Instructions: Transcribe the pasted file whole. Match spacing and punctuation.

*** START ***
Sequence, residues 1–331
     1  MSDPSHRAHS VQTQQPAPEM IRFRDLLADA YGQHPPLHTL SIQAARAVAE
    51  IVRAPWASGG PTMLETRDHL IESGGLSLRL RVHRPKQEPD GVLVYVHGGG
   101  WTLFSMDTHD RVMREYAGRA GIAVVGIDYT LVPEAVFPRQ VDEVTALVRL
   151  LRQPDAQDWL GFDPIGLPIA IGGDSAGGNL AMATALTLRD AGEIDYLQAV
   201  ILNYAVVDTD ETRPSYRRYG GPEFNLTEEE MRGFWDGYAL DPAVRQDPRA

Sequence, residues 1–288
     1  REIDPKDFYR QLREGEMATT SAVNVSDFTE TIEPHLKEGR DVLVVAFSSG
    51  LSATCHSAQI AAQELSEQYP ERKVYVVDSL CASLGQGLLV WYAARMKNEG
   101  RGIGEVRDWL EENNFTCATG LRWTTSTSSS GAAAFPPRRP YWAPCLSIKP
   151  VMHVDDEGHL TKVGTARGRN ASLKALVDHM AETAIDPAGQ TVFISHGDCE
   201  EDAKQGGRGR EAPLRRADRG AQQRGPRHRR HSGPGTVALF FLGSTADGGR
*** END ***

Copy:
Sequence, residues 1–331
     1  MSDPSHRAHS VQTQQPAPEM IRFRDLLADA YGQHPPLHTL SIQAARAVAE
    51  IVRAPWASGG PTMLETRDHL IESGGLSLRL RVHRPKQEPD GVLVYVHGGG
   101  WTLFSMDTHD RVMREYAGRA GIAVVGIDYT LVPEAVFPRQ VDEVTALVRL
   151  LRQPDAQDWL GFDPIGLPIA IGGDSAGGNL AMATALTLRD AGEIDYLQAV
   201  ILNYAVVDTD ETRPSYRRYG GPEFNLTEEE MRGFWDGYAL DPAVRQDPRA

Sequence, residues 1–288
     1  REIDPKDFYR QLREGEMATT SAVNVSDFTE TIEPHLKEGR DVLVVAFSSG
    51  LSATCHSAQI AAQELSEQYP ERKVYVVDSL CASLGQGLLV WYAARMKNEG
   101  RGIGEVRDWL EENNFTCATG LRWTTSTSSS GAAAFPPRRP YWAPCLSIKP
   151  VMHVDDEGHL TKVGTARGRN ASLKALVDHM AETAIDPAGQ TVFISHGDCE
   201  EDAKQGGRGR EAPLRRADRG AQQRGPRHRR HSGPGTVALF FLGSTADGGR